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- • File Formats Decoded: Vectors vs. Rasters (and Why it Matters!)
- • 4 FAQs on Prepping Your InDesign Document for Printing
- • 3 Guidelines for Stellar Design Typography
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3 Guidelines for Stellar Design Typography
Graphic designs are meant to showcase your brand in a visually engaging manner, and typography will make the letters come to life in your design. Dynamic typography will add clarity to your message and bring value to your design.
Here are three guidelines to make sure your typography does its job with style!
1. Get Smart with Quotes
Did you know that grammar isn’t the only place you can misuse quotations marks?
In design software, users have the preference to use “smart quotes” or “dumb quotes.” Smart quotes (those that are curly and sloped) are the correct default for quotation marks and apostrophes. They are purposefully crafted to accompany your font of choice.
Dumb quotes are straight and have a more vertical, stale quality. When dumb quotes are used, it dilutes the quality of the publication and gives it an awkward appearance. Avoid this error by selecting the smart quote setting in the preferences of your design software. The only time dumb quotes should be used is when indicating the measurement of feet (3') and inches (3").
2. Be Precise in Hyphenation
When is a hyphen not a hyphen? In two places: an “em” dash and an “en” dash.
Hyphens should connect linked phrases or words (like “off-campus” apartment) and may also be used when a word breaks from one line to the next.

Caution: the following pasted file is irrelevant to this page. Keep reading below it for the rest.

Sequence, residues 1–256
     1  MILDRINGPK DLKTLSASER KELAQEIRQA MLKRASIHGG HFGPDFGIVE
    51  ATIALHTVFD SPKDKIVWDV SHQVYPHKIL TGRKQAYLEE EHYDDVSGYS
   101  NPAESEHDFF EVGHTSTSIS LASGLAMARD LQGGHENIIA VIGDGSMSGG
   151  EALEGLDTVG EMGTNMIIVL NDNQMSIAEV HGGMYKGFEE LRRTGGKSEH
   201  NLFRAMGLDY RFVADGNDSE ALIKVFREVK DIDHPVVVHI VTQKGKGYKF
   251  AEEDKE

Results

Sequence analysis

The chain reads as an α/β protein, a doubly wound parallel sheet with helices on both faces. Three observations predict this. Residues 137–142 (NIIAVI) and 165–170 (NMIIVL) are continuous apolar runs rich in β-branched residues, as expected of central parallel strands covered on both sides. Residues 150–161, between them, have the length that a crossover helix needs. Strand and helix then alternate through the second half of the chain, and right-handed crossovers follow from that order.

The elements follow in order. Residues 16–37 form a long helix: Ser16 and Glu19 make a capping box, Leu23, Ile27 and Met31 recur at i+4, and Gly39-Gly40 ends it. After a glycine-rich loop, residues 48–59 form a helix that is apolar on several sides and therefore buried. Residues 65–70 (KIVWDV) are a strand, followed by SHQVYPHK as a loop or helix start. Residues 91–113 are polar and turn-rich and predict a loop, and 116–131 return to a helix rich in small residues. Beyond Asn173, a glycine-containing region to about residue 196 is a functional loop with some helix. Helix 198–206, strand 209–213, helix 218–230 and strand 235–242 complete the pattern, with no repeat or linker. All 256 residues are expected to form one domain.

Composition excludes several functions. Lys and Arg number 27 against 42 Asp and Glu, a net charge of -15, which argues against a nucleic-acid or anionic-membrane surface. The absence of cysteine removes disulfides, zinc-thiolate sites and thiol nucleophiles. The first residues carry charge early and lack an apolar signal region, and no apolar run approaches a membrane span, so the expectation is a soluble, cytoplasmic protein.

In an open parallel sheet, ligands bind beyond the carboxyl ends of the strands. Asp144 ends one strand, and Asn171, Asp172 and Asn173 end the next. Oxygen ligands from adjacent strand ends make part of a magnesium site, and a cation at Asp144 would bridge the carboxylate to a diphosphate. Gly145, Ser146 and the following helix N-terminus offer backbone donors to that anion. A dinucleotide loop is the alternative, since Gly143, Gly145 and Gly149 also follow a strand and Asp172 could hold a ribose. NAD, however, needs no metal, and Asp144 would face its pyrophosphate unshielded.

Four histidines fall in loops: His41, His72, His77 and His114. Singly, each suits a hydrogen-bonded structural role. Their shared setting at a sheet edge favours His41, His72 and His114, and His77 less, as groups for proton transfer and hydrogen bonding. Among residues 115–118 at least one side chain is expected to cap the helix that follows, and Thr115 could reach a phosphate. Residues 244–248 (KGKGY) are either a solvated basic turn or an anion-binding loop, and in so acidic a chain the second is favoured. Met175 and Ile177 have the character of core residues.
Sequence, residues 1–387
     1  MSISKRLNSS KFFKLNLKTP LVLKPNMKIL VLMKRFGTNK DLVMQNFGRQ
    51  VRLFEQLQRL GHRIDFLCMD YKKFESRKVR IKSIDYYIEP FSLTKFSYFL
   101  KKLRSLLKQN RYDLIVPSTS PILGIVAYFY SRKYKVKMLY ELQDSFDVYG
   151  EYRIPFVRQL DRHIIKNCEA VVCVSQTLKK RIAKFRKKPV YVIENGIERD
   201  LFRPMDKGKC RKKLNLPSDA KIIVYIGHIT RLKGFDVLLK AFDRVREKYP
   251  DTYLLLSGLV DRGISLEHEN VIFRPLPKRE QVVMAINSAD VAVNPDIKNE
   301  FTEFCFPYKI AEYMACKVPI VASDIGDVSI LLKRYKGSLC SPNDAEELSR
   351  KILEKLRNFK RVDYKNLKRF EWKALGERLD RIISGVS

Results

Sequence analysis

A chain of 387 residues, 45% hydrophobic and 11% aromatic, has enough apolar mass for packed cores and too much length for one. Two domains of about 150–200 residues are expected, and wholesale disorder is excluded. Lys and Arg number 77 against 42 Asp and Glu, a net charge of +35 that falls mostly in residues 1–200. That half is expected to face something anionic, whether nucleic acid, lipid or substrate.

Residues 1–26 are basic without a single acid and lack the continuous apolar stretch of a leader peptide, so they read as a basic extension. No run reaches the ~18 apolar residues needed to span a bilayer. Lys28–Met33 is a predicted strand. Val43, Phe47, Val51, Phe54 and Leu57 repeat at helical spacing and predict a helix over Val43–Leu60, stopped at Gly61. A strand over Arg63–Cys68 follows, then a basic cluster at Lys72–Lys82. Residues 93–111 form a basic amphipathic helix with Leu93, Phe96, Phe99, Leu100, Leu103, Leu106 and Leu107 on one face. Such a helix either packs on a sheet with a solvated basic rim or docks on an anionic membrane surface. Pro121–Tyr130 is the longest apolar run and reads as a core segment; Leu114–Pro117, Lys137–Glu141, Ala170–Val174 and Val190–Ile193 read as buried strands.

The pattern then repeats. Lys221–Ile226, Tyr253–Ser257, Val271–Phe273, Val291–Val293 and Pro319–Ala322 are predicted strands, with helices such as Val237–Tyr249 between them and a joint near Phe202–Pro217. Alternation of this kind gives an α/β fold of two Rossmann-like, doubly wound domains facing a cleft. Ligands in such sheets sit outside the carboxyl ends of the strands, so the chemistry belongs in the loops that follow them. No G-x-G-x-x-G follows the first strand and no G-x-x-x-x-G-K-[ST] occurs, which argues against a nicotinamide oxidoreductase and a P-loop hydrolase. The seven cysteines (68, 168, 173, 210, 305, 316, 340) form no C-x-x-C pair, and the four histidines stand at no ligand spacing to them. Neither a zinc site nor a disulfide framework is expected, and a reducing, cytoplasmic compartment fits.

An en dash (slightly longer than a hyphen) is used to connect a range of numbers (i.e., 20-30).
An em dash is the longest of horizontal marks and should be used to set off a separate thought or grammatical break or to introduce speakers in a narrative dialogue within the text. Em dashes are often used in tandem to set apart a phrase, but they can also be replaced with two en dashes with a space in between. What’s best? That’s for your team to decide:
“We argue—sometimes vociferously—about what is best.”
“We argue -- sometimes vociferously -- about what is best.”
3. Limit Typeface Combinations
Conventional wisdom holds that most projects require only three typefaces (or more precisely, three type families).
For example, a good legible serif, a simple sans serif, and a refined display typeface will bring a cohesive, coordinated appearance to your page.
Use serifs appropriate for your headline, subheads, and body to bring contrast, but limit yourself to three fonts. This will bring a harmonious, compatible feel to your publication, without distracting the reader with too much noise.
Great Design Builds Trust
The correct use of typography in design reflects excellent professionalism.
Be smart in your use of quotes, hyphens, and typeface combinations, and you will make customers feel secure while adding elegance to your next print project.
by Ina Saltz
Typography Essentials: 100 Design Principles for Working with Type is a practical, hands-on resource that distills and organizes the many complex issues surrounding the effective use of typography. An essential reference for designers since 2009, Typography Essentials is now completely refreshed with updated text, new graphics and photos, and a whole new look.
Divided into four sections—The Letter, The Word, The Paragraph, and The Page—the text is concise, compact, and easy to reference. Each of the 100 principles, which cover all practical aspects of designing with type, has an explanation and inspiring visual examples drawn from international books, magazines, posters, and more.
Typography Essentials is for designers of every medium in which type plays a major role, and is organized and designed to make the process enjoyable and entertaining, as well as instructional.